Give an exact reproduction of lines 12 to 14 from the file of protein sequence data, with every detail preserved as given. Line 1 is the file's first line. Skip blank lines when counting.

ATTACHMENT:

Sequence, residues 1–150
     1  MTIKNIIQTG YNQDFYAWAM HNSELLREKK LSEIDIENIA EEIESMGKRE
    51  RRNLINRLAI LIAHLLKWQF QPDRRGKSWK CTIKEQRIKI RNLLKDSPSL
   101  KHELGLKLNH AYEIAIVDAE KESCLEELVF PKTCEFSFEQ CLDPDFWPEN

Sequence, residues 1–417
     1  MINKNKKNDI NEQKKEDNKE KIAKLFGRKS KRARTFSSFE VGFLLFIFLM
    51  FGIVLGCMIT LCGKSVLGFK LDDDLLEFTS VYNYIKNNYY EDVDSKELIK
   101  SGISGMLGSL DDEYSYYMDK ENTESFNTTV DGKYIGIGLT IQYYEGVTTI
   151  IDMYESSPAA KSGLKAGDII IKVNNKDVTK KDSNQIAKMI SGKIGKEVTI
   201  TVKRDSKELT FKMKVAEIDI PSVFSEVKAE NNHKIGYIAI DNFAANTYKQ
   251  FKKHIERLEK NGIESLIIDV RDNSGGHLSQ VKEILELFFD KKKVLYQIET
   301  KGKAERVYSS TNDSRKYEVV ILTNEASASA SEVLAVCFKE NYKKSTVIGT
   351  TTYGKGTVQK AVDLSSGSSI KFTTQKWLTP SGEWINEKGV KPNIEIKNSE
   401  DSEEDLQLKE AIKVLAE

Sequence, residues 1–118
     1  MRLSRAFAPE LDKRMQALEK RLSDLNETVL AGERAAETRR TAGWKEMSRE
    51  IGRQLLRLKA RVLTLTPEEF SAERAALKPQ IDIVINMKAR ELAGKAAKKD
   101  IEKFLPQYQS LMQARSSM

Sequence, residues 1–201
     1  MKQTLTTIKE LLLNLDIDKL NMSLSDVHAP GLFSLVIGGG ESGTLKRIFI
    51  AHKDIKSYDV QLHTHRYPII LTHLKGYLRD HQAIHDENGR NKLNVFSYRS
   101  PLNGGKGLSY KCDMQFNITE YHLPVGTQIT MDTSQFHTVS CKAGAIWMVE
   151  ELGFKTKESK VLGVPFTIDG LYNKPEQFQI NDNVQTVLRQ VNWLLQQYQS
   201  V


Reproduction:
   301  KGKAERVYSS TNDSRKYEVV ILTNEASASA SEVLAVCFKE NYKKSTVIGT
   351  TTYGKGTVQK AVDLSSGSSI KFTTQKWLTP SGEWINEKGV KPNIEIKNSE
   401  DSEEDLQLKE AIKVLAE